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If I lift 40 kg 6 times 60 centimeters, is that 40*6*0,6*9,82 Joule? And then if I take the time into account, I will know the Watts? Or did I misunderstand?

The background is that I read that you can use the work from exercising to power energy, and I find that one set that I do is 50 Watts approximately. So if I theoretically could find a way to use the work I do, that would be 50 Watt?

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    $\begingroup$ A joule is equal to the energy transferred (or work done) to an object when a force of one newton acts on that object in the direction of its motion through a distance of one metre (1 newton metre or N. m). A Watt is the amount of Joules over the time the energy was expended, that is, power. $\endgroup$ – user108787 Aug 1 '16 at 13:37
  • $\begingroup$ @count_to_10 My result is that I can power 50 Watts from weight lifting. Is that correct? My calculation is 40 kg, lift it 60 centimeters, 6 repitions, in 30 seconds. The result is approx. 50. But I'm not sure my modelling is correct. $\endgroup$ – Niklas Aug 1 '16 at 13:39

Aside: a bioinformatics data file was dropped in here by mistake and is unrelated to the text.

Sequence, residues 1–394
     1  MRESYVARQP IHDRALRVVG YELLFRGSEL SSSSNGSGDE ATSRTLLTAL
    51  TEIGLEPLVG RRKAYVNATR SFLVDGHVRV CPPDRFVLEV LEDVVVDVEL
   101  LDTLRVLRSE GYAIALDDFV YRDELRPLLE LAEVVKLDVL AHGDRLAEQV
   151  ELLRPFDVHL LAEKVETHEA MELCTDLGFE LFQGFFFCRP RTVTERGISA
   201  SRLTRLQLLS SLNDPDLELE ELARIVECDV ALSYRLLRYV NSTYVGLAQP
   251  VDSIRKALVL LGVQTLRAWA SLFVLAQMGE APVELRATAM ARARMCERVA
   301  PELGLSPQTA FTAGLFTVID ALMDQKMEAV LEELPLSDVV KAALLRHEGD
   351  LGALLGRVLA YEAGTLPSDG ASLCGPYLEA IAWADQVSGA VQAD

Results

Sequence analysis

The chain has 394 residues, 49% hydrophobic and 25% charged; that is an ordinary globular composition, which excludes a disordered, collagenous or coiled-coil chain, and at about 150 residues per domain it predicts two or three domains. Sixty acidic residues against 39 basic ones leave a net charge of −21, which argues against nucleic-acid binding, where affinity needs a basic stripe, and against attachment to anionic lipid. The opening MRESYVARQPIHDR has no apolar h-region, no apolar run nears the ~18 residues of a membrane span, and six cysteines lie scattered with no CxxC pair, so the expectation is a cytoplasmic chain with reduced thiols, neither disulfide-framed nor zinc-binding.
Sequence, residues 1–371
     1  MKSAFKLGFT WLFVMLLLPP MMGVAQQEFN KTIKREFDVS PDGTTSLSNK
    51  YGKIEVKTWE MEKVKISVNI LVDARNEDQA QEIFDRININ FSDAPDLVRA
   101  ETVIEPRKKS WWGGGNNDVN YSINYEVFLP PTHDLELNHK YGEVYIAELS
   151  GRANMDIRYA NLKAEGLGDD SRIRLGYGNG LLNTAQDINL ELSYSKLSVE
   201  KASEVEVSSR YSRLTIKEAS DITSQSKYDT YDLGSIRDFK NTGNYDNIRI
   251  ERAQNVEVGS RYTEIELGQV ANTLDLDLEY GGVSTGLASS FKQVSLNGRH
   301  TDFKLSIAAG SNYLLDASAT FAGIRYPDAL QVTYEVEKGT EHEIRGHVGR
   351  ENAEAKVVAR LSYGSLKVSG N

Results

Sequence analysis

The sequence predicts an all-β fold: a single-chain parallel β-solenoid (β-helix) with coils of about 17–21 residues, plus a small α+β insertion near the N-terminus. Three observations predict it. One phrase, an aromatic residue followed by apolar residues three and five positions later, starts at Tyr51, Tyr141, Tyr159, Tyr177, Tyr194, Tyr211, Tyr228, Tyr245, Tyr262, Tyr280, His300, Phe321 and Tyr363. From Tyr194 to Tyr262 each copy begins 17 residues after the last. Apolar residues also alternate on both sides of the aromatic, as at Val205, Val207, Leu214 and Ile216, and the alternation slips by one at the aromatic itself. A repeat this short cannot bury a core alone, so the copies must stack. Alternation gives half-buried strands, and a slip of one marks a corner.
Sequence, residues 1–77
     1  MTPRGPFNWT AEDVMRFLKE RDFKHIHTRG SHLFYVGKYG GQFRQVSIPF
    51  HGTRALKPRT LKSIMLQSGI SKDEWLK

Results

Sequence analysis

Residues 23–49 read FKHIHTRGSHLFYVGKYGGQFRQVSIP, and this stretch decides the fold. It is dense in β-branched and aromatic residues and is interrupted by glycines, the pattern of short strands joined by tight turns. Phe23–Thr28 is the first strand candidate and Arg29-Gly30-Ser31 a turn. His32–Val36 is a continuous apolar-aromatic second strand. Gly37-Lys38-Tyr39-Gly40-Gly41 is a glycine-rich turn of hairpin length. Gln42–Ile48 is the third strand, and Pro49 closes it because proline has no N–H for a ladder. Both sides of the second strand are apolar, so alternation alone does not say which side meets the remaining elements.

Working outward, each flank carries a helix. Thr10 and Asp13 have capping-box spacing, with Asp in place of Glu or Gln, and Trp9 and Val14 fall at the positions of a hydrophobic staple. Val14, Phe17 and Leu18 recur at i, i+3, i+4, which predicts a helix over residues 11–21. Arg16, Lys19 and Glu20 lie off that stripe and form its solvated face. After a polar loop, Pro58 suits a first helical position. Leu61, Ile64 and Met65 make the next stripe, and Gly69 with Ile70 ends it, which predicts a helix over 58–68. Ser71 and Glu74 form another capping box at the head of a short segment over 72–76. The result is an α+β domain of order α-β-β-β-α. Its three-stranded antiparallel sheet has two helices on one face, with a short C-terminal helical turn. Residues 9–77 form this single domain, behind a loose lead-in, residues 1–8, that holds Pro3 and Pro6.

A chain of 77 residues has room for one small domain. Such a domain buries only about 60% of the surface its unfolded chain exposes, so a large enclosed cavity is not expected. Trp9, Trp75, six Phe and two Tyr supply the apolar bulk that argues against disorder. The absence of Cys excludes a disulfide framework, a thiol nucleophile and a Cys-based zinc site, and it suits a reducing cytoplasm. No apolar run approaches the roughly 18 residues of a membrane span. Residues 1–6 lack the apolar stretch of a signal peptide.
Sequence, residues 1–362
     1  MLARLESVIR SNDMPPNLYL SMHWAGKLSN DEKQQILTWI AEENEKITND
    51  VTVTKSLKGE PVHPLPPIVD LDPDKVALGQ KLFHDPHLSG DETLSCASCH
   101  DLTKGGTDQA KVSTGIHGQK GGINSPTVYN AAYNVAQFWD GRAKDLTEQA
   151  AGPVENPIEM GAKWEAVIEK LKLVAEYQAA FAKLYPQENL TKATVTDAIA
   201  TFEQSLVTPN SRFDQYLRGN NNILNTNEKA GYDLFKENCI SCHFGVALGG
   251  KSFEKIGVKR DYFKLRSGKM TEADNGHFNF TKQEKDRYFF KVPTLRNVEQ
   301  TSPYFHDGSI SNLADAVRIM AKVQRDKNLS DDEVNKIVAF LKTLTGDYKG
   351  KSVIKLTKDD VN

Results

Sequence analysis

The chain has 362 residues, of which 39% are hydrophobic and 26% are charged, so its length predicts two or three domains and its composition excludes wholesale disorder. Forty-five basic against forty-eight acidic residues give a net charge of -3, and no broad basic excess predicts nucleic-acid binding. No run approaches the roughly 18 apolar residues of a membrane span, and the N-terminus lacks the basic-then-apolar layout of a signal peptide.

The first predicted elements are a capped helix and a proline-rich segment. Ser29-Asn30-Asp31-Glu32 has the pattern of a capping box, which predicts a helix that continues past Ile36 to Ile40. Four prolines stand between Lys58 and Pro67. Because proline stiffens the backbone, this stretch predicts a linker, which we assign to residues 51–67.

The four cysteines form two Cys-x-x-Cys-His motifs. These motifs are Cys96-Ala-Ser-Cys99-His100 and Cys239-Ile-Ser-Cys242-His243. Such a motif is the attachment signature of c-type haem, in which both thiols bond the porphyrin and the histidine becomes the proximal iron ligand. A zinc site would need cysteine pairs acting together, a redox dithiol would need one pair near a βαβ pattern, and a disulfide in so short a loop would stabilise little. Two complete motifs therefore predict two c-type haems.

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    $\begingroup$ The work is done by you on the boxes and it the work from you have been transferred to the boxes as potential energy, you are using the work to lift the box so now to find use if that work you need to take work from the boxes. Suppose you drop the box from that height and it presses the ground where presses sensors are placed to convert force into electricity, so this is one way your work will produce some good effect. $\endgroup$ – Rohit Joshi Aug 1 '16 at 13:40
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    $\begingroup$ 1728.org/energy.htm is a calculator for this. The velocity is your estimate of how long it took to lift the weight 60 cm, 0.6m. $\endgroup$ – user108787 Aug 1 '16 at 13:45
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No you did not misunderstand, your calculation is correct. You have done 1414 J of work in lifting the weights. Assuming this took about 30 s your average rate of working was 50 W. If you were to keep this up and you convert the energy into electricity, you could probably keep a desk lamp glowing!

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